New car review: Honda CR-Z

On the surface, Honda’s latest CR-Z coupe seems like a masterstroke, combining the performance of a sports car with the efficiency of a hybrid.

Add to that an arsenal of accessories befitting a luxury vehicle and a price tag of less than $40,000, and you should be onto a winner. And a worthy successor to sporty Honda predecessors including the NSX, S2000, Integra and Prelude.

Unfortunately for Honda the latest iteration CR-Z has efficiency and sportiness in the wrong doses.

Honda recently streamlined the CR-Z range to just one luxury model. At $38,490 plus on-roads ($40,790 in automatic), the CR-Z is more expensive than a Toyota 86, Ford Focus ST, Volkswagen Polo GTI and Hyundai Veloster Turbo.

As before, the two-door CR-Z gets a 1.5-litre four-cylinder engine, combined with a lithium ion battery. Honda engineers have extracted some extra performance from the teaming, boosting power to a combined petrol-electric output of 99kW and 190Nm in automatic form. The CR-Z comes with a choice of a six-speed manual or CVT auto. We drove the latter, fitted with paddle shifters for increased driver involvement.

From the outside, the CR-Z lives up to Honda’s sporty past. There’s a striking resemblance to the 1980s CR-X, from which it takes its styling inspiration. A prominent grille and LED lights punctuate the car’s swoopy and slightly revised front end, with a sharply tapered rear and two-tone 17-inch wheels complementing the aggressive stance. Owners won’t appreciate the CR-Z’s extra-long driver and passenger doors in tight spaces, though.

Inside, the CR-Z’s cabin is very much focused on the driver, with a cockpit feel to the instrument panel and a driving position that is low and laid-back, with white-stitched leather front seats. The instrument read-out is a highlight, changing colour depending on the driving mode you choose. Hit the Eco button and it turns green, go to sport and it glows red. The only let-down is an abundance of hard plastic on the dash and doors.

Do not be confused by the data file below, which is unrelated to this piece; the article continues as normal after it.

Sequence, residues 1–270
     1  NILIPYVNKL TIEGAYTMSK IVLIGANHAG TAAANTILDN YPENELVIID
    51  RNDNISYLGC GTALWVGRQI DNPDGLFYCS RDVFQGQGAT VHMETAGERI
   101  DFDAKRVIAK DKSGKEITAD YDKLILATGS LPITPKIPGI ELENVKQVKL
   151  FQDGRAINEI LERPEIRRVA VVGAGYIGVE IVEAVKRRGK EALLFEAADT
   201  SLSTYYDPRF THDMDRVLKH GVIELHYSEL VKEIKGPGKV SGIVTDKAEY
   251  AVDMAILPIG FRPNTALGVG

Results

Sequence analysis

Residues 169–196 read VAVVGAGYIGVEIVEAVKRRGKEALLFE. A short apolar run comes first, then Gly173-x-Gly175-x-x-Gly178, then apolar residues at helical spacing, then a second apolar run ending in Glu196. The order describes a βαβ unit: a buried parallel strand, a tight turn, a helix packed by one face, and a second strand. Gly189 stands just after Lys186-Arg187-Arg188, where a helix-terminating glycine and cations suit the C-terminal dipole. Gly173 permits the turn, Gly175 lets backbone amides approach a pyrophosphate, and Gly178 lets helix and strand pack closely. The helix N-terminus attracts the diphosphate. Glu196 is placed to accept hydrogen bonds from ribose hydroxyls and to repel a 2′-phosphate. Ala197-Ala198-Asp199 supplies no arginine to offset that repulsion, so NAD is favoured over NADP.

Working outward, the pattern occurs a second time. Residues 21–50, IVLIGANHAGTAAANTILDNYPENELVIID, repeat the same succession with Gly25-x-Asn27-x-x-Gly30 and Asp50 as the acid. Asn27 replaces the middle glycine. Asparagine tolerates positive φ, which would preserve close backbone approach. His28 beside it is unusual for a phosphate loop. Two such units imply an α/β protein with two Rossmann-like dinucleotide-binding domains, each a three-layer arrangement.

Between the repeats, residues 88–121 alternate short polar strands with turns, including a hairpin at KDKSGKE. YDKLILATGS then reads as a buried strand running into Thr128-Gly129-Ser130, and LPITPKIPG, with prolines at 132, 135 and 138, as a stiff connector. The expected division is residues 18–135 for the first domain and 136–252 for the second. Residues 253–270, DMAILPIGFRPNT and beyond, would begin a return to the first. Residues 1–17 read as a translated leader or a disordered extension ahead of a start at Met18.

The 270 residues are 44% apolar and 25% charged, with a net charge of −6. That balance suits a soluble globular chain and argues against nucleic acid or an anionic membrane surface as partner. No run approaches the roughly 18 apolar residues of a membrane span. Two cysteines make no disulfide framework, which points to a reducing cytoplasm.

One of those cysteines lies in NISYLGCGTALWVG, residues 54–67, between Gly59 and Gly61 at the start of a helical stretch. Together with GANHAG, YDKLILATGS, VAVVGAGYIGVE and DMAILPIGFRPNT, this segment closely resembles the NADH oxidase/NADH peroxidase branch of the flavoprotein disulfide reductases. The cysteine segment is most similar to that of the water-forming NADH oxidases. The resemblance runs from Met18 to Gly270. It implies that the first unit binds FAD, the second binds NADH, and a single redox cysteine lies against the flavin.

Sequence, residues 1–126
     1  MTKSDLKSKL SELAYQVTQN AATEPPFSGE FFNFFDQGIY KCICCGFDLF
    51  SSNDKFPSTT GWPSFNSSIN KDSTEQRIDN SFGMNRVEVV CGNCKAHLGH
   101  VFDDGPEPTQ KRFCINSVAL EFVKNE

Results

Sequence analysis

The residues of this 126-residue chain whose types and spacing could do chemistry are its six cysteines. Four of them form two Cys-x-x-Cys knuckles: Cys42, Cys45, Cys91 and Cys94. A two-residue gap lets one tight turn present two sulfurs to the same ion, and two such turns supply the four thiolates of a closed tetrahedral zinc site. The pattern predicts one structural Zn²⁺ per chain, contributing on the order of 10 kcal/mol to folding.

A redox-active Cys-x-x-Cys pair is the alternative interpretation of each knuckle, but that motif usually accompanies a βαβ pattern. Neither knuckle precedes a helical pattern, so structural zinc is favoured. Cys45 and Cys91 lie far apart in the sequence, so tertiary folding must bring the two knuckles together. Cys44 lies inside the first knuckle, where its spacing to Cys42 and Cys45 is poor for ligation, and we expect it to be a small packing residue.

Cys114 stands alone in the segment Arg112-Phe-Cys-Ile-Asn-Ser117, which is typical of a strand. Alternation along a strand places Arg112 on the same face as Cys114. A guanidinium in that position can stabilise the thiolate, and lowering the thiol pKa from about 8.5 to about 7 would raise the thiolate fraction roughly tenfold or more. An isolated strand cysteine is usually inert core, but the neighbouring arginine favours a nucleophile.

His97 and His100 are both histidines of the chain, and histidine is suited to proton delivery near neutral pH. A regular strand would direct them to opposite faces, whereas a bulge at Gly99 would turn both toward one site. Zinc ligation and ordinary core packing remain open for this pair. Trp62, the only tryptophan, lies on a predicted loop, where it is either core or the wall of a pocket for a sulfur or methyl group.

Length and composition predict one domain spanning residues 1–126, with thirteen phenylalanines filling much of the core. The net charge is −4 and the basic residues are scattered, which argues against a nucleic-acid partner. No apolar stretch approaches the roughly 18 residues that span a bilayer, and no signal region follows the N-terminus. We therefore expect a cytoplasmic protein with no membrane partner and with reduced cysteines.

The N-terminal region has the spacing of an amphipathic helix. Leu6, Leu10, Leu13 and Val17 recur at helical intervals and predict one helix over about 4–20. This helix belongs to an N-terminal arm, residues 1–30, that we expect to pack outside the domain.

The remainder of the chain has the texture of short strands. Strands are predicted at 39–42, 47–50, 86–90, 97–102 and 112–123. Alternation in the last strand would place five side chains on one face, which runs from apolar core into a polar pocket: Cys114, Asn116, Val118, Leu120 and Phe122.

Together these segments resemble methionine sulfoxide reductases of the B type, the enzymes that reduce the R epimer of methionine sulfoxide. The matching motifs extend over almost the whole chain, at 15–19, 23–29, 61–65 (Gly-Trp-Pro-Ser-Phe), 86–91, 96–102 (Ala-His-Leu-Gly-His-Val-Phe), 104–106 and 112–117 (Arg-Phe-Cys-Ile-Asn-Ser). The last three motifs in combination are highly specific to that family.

By comparison, the cloth-trim seats in the rear are virtually redundant and are among the worst for practicality in the new-car market. Teens would struggle to squeeze into the rear pew because of negligible leg room and the sharply tapered roofline, and even little ones will feel claustrophobic. Honda has fitted the CR-Z with two anchor points for a baby capsule, but they’re virtually useless because of the poor layout. The shallow 225-litre boot (despite getting a tyre inflation kit instead of spare to conserve space) is hard to access, while the two-piece rear glass makes rear vision a chore.

Driving through Sydney’s outskirts, the 1199-kilogram CR-Z felt surprisingly agile, but only when it was fixed to Sport mode. A new Plus Sport (S+) button supposedly provides further engine and electric motor assist power, but the gains felt negligible. Switching from Sport mode to the Normal and ECON mode, the CR-Z turned its hand to efficiency, dimming power and handling characteristics to more docile levels. Honda claims fuel usage figures of 5.0L/100km; our reading was closer to 7.0L/100km in a mix of driving.

The CR-Z’s engine is helped along by a fairly adept, albeit buzzy, CVT gearbox. The combination, while undernourished, worked well enough. The CR-Z works its way up to 100km/h in circa-10 seconds and, once there, springs no nasty surprises with road and engine noise.

The steering in the CR-Z is razor sharp, accurate and well-weighted, giving terrific feedback through turns. Impressively, the car suffered very little front-end scrub, though the Michelin tyres tended to lose grip in the rear fairly easily with enthusiastic driving.

As a result of the sporty steer, the CR-Z tended towards firm in its handling, bouncing over all but the smallest of bumps and even crashing in the rear over larger obstacles. Tyre noise is also intrusive.

The CR-Z is fitted with a swag of fruit to match the $40,000 price tag, including sat-nav, reversing camera, DVD player, auto-stop function, Bluetooth phone audio streaming, a six-speaker stereo, USB connectivity, climate control and sun-roof.

The CR-Z gets a five-star safety rating (six airbags, stability control) and a three-year, 100,000-kilometre warranty, but isn’t offered in Australia with capped price servicing.

There is plenty of merit in combining performance with hybrid efficiency. But unfortunately for Honda, the CR-Z is neither overtly sporty or impressively efficient.

This story Administrator ready to work first appeared on 苏州美甲学校.

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